Obama Administration Shows Disappointing Inaction on Syringe Exchange Funding

For Immediate Release


Scott Sanders: 202-332-2303

Obama Administration Shows Disappointing Inaction on Syringe Exchange Funding

Stronger Commitment Needed for Global Health Funding, Including Global AIDS Efforts

CAMBRIDGE, Mass. - Physicians for Human Rights (PHR) is extremely disappointed that
President Obama's FY2010 budget proposal retains the decades-old ban on
federal funding for syringe exchange services despite the White House's
support for evidence-based HIV prevention strategies and a reversal of
the misguided federal ban.

"Given President Obama's strong support for syringe exchange
programs and the Administration's commitment to invigorating the
federal response to the HIV/AIDS epidemic, we hoped that the President
would seize the first opportunity for lifting federal restrictions on
this lifesaving prevention strategy," said Paola Barahona, MPH, Senior
Global Health Policy Advocate. "Denying people at risk for HIV a proven
prevention intervention is a denial of their basic human rights. We
will continue working with the Administration and Congress to remove
the obstacles to the implementation of syringe exchange programs in
communities devastated by HIV." 

President Obama has repeatedly expressed his support for lifting the
ban, pledging during the campaign, the transition, and after the
Inauguration to take action on this issue. Most recently, the White
House website stated: "The President also supports lifting the federal
ban on needle exchange, which could dramatically reduce rates of [HIV]
infection among drug users."

Moving forward, PHR urges President Obama to ask Congress for
appropriations legislation free of syringe exchange restrictions,
endorse Rep. Jose Serrano's Community AIDS and Hepatitis Prevention Act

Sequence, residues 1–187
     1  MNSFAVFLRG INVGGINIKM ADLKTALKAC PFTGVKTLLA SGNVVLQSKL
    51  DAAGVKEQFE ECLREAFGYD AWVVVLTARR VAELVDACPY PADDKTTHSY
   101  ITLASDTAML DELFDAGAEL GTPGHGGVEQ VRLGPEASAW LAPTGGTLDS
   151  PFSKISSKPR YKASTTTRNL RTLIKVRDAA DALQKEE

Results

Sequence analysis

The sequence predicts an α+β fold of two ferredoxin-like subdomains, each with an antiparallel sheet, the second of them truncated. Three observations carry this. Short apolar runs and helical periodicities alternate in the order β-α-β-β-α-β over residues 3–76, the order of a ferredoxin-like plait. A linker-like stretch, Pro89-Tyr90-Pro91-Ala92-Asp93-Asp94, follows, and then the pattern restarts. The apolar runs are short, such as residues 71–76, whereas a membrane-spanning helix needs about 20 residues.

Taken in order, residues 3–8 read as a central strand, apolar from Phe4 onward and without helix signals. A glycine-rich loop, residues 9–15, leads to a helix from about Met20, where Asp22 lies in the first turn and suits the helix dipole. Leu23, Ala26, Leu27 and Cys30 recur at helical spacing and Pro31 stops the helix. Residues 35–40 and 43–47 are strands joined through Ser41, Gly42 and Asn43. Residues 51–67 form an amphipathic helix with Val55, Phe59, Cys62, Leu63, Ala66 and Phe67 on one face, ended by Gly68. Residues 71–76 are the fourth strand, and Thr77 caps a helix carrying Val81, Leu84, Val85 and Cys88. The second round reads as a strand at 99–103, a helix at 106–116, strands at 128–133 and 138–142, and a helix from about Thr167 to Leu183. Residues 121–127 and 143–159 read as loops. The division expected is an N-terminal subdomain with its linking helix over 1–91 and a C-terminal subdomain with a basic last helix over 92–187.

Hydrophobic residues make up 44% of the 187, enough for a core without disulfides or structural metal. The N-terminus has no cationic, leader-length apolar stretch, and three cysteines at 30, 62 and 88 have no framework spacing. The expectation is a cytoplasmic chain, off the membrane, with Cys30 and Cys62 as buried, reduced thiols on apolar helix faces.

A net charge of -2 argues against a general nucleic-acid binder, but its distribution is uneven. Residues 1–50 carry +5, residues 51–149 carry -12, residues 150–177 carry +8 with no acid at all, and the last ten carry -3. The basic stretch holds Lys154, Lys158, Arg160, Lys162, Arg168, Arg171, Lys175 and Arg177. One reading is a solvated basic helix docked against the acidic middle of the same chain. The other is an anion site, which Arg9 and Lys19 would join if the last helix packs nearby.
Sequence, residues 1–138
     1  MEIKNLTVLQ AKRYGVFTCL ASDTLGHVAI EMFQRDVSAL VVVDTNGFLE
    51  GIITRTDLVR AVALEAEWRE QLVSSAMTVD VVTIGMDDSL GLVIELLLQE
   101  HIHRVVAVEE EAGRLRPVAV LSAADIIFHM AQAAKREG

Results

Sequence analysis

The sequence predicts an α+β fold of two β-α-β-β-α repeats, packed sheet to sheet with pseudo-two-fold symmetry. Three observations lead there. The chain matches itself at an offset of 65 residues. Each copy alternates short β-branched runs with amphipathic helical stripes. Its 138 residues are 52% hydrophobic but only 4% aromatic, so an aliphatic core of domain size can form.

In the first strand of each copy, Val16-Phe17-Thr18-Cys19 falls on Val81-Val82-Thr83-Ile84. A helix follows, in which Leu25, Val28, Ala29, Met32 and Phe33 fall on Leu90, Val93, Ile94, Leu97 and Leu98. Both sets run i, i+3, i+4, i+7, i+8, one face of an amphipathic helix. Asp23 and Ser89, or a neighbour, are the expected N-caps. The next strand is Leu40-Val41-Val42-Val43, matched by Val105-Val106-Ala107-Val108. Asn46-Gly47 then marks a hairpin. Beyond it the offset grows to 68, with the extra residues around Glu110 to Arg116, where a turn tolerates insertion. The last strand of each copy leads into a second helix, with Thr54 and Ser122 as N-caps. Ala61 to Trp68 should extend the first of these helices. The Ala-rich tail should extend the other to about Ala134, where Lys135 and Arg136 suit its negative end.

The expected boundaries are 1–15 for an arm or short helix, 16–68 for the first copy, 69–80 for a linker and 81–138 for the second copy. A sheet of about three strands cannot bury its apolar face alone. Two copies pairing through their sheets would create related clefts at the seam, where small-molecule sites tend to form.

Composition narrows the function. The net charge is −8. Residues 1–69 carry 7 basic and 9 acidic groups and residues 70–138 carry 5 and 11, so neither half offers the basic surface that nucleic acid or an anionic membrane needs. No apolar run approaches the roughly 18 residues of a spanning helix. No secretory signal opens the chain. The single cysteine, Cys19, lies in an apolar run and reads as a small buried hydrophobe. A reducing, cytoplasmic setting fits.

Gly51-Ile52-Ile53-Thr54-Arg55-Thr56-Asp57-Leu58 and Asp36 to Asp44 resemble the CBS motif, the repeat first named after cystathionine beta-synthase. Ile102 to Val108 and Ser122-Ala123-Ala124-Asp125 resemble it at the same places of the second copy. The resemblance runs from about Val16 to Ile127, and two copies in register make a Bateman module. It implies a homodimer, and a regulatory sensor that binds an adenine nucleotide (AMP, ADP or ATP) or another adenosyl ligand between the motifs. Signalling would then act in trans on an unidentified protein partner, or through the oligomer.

(H.R. 179), and direct the Department of Health and Human Services and
the Department of State to remove all non-legislative barriers
preventing federal funding for syringe exchange as part of domestic and
global U.S. programs.

Global health programs must also have the resources needed to meet
the global health components of the Millennium Development Goals.  The
levels outlined in the president's budget for FY'10 fall short of what
is required. 

"Key to the greater investment in global health is the scale up of
funding for the President's Emergency Plan for AIDS Relief (PEPFAR),"
said Pat Daoust, MSN, RN, Director of PHR's Health Action AIDS
Campaign. Last year, Congress authorized $48 billion for PEPFAR over
five years with the goals of treating at least 3 million people with
HIV, preventing 12 million new infections, caring for 12 million
people, including 5 million orphans and vulnerable children, and
training and retaining at least 140,000 new health workers. 

"Congress noted the need to consistently scale up resources over
time and the funding they authorized was the minimum amount needed to
meet these laudable targets," said Daoust. "Those goals are only
attainable, however, if we commit the necessary resources in 2010 and

The Health Action AIDS Campaign at PHR mobilizes health
professionals to support comprehensive HIV prevention and care
initiatives that target women and injection drug users and advocates
for unprecedented funds to fight global AIDS, strengthening Africa's
health systems and health workforce.



PHR was founded in 1986 on the idea that health professionals, with their specialized skills, ethical duties, and credible voices, are uniquely positioned to investigate the health consequences of human rights violations and work to stop them. PHR mobilizes health professionals to advance health, dignity, and justice and promotes the right to health for all.

Share This Article

More in: